• 53. The lesson that I’ve learned over the years is that lack of money makes you hungry and a lack of resources makes you more creative. The point is: you have to have a powerful story to tell yourself – your Hero’s Journey story. You have to believe in yourself. Hang in there and things will turn around. Stay po- sitive and work hard. Have a goal and hang on to it, knowing that you will come out on the other side, stronger and better for taking on the struggle. You’re making an investment in yourself and the future. The Lean Years Make You More Creative Nearly everyone has a great idea for a business. So, what stops them from taking the plunge?They think you need hundreds of thousands of Euros in start up money. Many creative heroes of Italy did it, without any money. When you start small, your mistakes are smaller too. If you take it slow, you’re not likely to burn your business down. And if you keep your ‘must haves’ down to ‘needs’ and ‘can affords’, you’re more likely to survive any bad initial investments.You will make mistakes. Don’t waste a lot of time worrying about it. Spend that time learning from your mistakes, and you’re way ahead of the game. There are other advantages to starting small. Your business can be more flexible and offer a higher-touch kind of service in this high- tech world. Starting small also means that you need less capital. With a lower over- head, you keep more of what you make. Chances are that when you start small you will have to play all the business roles and learn to do it all. This will serve you well as you grow bigger and start to delegate. Think Big, Start Great ‘When my boss or client puts me on the spot...’ - Peter de Kuster - ‘What I love most about my work is...’ - Peter de Kuster - Fromthemovie‘ToRomewithLove’. Fromthemovie‘ToRomewithLove’. 104 105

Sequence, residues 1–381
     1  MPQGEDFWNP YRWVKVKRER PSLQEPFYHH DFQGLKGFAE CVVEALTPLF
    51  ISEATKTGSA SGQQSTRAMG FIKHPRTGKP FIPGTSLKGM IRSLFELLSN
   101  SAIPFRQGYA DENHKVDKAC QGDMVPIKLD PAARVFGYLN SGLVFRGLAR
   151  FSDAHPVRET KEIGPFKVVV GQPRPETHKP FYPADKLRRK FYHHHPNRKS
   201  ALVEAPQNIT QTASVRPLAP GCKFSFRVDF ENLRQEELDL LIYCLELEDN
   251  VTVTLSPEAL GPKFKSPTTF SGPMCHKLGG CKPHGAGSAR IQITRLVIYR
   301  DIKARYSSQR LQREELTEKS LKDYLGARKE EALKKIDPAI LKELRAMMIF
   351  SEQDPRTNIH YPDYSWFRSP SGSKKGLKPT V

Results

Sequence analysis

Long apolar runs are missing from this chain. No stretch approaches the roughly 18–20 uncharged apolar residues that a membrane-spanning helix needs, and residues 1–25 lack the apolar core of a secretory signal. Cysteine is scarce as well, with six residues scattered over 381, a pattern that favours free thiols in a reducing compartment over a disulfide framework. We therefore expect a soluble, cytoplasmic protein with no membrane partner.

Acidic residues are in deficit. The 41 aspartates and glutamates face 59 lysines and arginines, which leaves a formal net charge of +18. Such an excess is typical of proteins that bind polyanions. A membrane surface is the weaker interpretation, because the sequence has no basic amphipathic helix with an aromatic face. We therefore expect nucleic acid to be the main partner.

• 54. Do be aware of what works and what doesn’t. You’ll have some ideas, or explore some marketing areas that just don’t work finan- cially, no matter how brilliant they seem at first. Drop the things that don’t bring in the revenue. Cut your losses. Do come up with a good name. Brainstorm it, with as many people as you can.Try to keep it short – one or two sylla- bles.Try to connect it with your business story, in as many ways as possible. Do be your own niche. Be your product or service – be your story. Live your story. Believe your story. Nothing sells like authenticity, like sincerity. Every book I have ever read, on being self-employed, includes a chapter on business plans. Do you need one? My answer: ‘No!’ What you need is a great business story! How do you like this answer? The power of your business story moves you and moves other people (partners, em- ployees, clients). Keep it short.The point here is, you will most likely run your business ‘improviste’. So, keep it fairly flexible and use your intuition, rather than a bunch of numbers. I know this goes against conventional left-brain wisdom. But, I say: ‘Write a great business story of one page, backed up with a plot of two pages, more of a global view than a street map of your business.’ I think that the two page hero’s journey story is short enough that you will actually look at it now and again, after you write it and tell it again and again to partners and clients. I also believe, that spending two or three months writing a business plan is a waste of time, when you could be out doing business with clients. The following is my short course on do’s and don’ts for starting up a business. Don’t waste your time (and money) making everything perfect, before you begin.You are as ready as you’ll ever be.Your idea of what you are and what you need is going to change with experience, so, don’t lock yourself too tight at the start. Make it up as you go on your hero’s journey. Don’t be afraid to spread your story out there. Yes, people will copy you and steal your ideas. Let them spread your story, in a man- ner, that makes your business story stronger. Don’t leap before you think. Partnerships are like marriages. Some last until death do them part; in others, the partners end up wanting to kill each other. The creative person should consider care- fully before committing to a partnership. If the partners bring individual talents and skills that don’t conflict, it can work. Business Stories and Business Plans ‘Multitasking is for me...’ - Peter de Kuster - Fromthemovie‘ToRomewithLove’. 106 107